India: Top 10 World Heritage Sites02/07/2019
There are 37 World Heritage Sites located in India. These include 29 cultural sites, seven natural sites and one mixed site. India has the 6th largest number of sites in the world.
There are more well known ones in India (such as The Taj Mahal and The Red Fort of Agra) but we have decided to showcase 10 here…some of which you may or may not have heard of … all of which are well worth a visit.
1 – Ajanta Caves, Maharashtra:
The Ajanta Caves are Buddhist caves built in two phases. The first was from the reign of Emperor Ashoka (3rd century BC), and the second, further additions were made during the 5th and 6th centuries AD of the Gupta period. The caves depict richly decorated fresco paintings, reminiscent of the Sigiriya paintings and sculptures in Sri Lanka. There are 31 rock-cut cave monuments which are unique representations of the religious art of Buddhism.
2 – Qutb Minar, Delhi:
The Qutb Minar and its Monuments, located to the south of Delhi, is a complex with the Qutb Minar as the centrepiece. The red sandstone tower of 72.5 metres (238 ft) in height has a base of 14.32 metres (47.0 ft) reducing to 2.75 metres (9.0 ft) diameter at the top.
The complex of structures comprises the Alai Darwaza Gate (1311), the Alai Minar (an incomplete mound of an intended Minar or tower), the Qubbat-ul-Islam Mosque (the earliest existing mosque in India), the tomb of Iltumish and an Iron Pillar.
It is a testimony to the Islamic depredations during the period as seen from the materials used for building the complex which are those that were removed after destroying Hindu and Jain temples; a shining iron pillar of 7.02 metres (23.0 ft) height (without any trace of rusting) erected at the centre of the complex, with inscriptions in Sanskrit, of the Chandra Gupta II period is a moot witness.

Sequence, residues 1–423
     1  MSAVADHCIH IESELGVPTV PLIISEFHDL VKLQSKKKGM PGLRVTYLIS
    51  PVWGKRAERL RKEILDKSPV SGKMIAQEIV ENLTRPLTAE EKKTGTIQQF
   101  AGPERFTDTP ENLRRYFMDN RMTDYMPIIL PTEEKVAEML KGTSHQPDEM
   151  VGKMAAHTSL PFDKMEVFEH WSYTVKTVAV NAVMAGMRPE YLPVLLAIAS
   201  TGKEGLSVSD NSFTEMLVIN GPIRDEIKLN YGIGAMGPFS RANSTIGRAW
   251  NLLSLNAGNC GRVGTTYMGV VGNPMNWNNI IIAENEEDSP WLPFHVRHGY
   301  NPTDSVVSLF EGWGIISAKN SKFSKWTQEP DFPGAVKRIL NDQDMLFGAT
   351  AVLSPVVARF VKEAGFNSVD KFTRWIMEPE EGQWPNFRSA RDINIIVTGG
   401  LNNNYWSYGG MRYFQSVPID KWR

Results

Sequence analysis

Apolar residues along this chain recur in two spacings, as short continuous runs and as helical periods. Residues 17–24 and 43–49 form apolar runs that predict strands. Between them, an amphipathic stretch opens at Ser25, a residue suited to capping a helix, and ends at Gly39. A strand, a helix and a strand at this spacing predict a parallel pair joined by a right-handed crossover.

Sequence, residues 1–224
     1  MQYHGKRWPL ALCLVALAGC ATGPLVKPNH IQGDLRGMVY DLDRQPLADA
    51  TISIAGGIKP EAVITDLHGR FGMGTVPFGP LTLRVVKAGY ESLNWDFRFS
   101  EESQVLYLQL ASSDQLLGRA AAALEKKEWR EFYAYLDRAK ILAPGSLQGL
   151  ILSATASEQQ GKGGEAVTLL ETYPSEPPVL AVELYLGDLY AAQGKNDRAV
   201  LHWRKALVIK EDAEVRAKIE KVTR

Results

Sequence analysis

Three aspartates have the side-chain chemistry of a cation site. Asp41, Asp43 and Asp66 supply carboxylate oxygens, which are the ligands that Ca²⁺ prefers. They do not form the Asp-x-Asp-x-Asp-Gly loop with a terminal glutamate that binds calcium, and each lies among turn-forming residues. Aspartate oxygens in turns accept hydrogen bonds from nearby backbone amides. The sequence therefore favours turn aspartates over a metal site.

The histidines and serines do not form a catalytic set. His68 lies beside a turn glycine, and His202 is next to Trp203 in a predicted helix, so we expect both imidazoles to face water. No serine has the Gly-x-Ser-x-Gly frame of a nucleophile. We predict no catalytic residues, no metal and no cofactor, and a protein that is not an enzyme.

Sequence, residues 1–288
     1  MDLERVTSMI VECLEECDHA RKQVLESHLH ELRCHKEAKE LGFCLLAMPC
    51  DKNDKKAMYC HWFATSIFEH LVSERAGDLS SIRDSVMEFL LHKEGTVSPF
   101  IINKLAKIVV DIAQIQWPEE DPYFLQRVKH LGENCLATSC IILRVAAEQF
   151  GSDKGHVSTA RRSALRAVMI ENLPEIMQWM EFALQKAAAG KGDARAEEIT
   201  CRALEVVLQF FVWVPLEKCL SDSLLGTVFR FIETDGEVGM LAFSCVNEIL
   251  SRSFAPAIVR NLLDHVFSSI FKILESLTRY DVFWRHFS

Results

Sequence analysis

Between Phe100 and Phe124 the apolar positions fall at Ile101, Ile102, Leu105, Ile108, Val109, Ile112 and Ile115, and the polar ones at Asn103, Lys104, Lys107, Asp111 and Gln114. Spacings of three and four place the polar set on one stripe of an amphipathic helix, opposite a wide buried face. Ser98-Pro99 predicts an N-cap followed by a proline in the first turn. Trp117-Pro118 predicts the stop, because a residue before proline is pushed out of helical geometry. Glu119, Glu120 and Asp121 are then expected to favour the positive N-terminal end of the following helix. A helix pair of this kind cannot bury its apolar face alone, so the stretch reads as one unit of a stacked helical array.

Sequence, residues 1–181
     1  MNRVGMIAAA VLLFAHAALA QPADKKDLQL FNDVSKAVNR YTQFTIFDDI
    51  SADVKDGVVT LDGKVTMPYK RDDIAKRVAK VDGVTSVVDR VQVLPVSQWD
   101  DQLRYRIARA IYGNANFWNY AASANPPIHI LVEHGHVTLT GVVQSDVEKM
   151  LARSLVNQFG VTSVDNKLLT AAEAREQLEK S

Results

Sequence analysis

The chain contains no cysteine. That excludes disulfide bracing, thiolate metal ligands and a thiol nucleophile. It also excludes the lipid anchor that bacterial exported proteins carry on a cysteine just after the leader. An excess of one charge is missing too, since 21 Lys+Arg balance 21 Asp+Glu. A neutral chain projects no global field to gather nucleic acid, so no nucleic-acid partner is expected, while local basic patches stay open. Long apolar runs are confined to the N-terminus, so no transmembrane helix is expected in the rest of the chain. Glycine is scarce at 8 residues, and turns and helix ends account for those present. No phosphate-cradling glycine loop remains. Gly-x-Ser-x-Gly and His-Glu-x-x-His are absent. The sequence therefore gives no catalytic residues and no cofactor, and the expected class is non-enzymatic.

History records its construction, initially by Qutubuddin Aibak in 1192, its completion by Iltumish(1211–36) and again by Alauddin Khalji (1296–1316). It underwent several renovations by subsequent rulers, following damage to the structures due to lightning. It was inscribed under the UNESCO World Heritage List under Category IV for its unique representation of the Islamic architectural and artistic excellence.
3 – Historic City of Ahmedabad:
The walled city of Ahmedabad, founded by Sultan Ahmad Shah I in the 15th century, on the eastern bank of the Sabarmati River, presents a rich architectural heritage from the sultanate period, notably the Bhadra citadel, the walls and gates of the Fort city and numerous mosques and tombs as well as important Hindu and Jain temples of later periods. The urban fabric is made up of densely-packed traditional houses (pols) in gated traditional streets (puras) with characteristic features such as bird feeders, public wells and religious institutions. The city continued to flourish as the capital of the State of Gujarat for six centuries.
4 – The Chhatrapati Shivaji Terminus, Mumbai: